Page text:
Superior Court >Probate And Mental Health

Probate/Mental Health Case Types


Informal probate is for those estates where the will is uncontested. This method rarely involves the court. If there is a dispute between the heirs, then it may be necessary to proceed with a formal probate.

Formal probate is when the requirements of informal probate are not satisfied and the court is needed to resolve any disputes. Arizona law requires the use of formal probate when there are issues related to the validity of a testator's will (ARS § 14-3401).


The Court appoints a guardian and/or conservator on a temporary or emergency basis for a period of not more than 6 months if there is a need to have a guardian and/or conservator temporarily and/or immediately.


You may submit a petition to adopt an adult if:
  • You, or the person you are asking to adopt, are a resident of the county where you are filing this request.
  • You want to ask the Court to adopt either another adult person who is at least 18 years of age and not more than 21 years of age; OR
  • You want to ask the Court to adopt an adult person who is your stepchild, niece, nephew, cousin or grandchild; OR
  • You are a foster parent, and want to ask the Court to adopt an adult person who was placed in your care as a juvenile, and you have maintained a familial relationship with that person for five or more years, AND
  • The adult you are asking to adopt consents to the adoption, AND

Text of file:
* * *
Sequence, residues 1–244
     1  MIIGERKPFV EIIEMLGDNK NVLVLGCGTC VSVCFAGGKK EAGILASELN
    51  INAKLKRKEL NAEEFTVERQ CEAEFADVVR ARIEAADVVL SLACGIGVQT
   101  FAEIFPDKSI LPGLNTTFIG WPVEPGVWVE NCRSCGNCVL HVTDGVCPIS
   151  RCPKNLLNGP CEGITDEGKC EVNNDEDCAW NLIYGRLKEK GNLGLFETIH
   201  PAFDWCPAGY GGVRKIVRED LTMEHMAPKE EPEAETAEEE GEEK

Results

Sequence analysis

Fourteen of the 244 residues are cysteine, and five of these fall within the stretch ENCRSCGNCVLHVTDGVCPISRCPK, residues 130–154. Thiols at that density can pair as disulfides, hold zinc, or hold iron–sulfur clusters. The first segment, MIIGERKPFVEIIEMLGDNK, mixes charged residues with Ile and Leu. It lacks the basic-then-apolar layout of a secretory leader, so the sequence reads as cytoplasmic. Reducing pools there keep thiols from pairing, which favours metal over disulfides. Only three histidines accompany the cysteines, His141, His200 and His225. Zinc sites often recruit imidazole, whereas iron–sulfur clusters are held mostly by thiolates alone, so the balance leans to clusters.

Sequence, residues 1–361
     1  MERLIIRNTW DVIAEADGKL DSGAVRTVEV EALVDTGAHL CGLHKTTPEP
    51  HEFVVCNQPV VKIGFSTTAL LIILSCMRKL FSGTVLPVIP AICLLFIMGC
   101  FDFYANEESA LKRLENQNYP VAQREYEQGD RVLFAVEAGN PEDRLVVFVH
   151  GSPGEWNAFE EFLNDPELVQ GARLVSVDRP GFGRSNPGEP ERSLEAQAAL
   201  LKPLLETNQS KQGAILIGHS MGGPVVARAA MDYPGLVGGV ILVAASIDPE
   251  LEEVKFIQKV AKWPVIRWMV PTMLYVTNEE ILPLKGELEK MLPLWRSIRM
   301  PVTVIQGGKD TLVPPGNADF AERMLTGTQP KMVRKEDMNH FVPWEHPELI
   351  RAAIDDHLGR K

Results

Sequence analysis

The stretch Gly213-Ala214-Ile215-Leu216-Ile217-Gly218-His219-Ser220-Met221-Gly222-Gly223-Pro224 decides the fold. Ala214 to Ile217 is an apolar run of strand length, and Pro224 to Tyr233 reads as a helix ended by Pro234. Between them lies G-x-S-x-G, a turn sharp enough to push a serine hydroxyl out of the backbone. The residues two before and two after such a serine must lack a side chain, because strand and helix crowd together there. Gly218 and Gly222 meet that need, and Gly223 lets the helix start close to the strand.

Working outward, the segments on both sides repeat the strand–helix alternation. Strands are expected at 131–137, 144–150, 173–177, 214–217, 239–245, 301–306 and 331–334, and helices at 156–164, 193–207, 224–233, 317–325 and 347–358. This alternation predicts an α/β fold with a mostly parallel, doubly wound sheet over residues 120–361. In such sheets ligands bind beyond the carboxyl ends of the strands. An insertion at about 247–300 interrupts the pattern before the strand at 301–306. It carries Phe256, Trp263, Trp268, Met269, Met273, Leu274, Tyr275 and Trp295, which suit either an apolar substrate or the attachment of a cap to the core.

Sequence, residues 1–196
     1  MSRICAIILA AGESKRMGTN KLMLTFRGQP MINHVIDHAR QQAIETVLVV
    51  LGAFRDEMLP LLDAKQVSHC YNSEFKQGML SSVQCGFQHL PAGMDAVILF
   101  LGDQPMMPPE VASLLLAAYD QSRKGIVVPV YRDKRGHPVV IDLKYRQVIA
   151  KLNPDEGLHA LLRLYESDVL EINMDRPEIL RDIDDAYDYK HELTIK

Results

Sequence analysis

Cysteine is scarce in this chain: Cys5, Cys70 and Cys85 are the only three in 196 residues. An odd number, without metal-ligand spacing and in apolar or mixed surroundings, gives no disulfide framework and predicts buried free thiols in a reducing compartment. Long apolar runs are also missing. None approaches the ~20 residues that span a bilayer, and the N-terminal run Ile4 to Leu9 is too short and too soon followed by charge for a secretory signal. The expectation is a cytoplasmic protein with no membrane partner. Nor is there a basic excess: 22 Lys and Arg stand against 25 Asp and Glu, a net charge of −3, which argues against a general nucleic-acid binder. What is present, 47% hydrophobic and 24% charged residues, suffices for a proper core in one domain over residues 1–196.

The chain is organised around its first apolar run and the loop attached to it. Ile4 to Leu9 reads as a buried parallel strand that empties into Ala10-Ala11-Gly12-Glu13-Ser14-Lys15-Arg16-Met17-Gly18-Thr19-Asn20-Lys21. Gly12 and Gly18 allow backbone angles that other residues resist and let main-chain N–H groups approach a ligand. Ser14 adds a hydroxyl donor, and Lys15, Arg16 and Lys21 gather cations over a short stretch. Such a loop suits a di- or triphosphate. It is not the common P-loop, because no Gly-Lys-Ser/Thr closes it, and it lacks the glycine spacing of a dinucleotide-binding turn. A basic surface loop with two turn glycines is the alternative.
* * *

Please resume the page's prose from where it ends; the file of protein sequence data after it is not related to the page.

• (If applicable) The spouse of the Adopter and/or Adoptee consent to the adoption, AND
  • (If applicable) You understand that any name change that results from this adoption will neither harm your rights nor release you from any obligations or liabilities incurrent from your current name.


A guardian is someone who has the legal authority to care for another. A conservator is someone who manages another's financial affairs. To qualify for a guardian and/or conservator, an adult person must be "incapacitated", which the Court refers to as a ward. Therefore, he/she must lack sufficient understanding or capacity to make or communicate responsible decisions concerning oneself or finances.

Reasons for a Guardianship and Conservatorship
  • Mental Illness
  • Mental deficiency
  • Mental disorder
  • Physical illness or disability
  • Chronic use of drugs
  • Chronic intoxication or other cause


A guardian may be appointed for an adult either by will or by court appointment. Upon finding that an individual lacks capacity, the Court appoints a competent person (guardian) to make decisions on behalf of the individual (ward). The guardian becomes the substitute decision-maker for the ward in any or all areas that the ward lacks capacity. A guardianship deprives a person of his/her civil rights; therefore, the Court must find that no lesser restrictive alternative exists.


Several individuals can serve as a conservator for an adult. Conservators of adults typically include a family member, a friend, a private conservator, or the Maricopa County Public Fiduciary. Individuals usually file for conservatorships because a person is unable to manage estate and affairs due to illness, deficiency, an accident, or Alzheimer.


Typically, the petition to appoint a conservator for a minor includes:
  • A personal injury settlement
  • A parent as the conservator
  • A restricted account
  • A proof of restricted account filed
  • No withdrawals of funds without court order
  • A petition to terminate conservatorship at the age of 18
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National Center for State Courts - Report on Probate Court Improvements
Probate Case Management Protocol. Click to view PDF
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National Probate Standards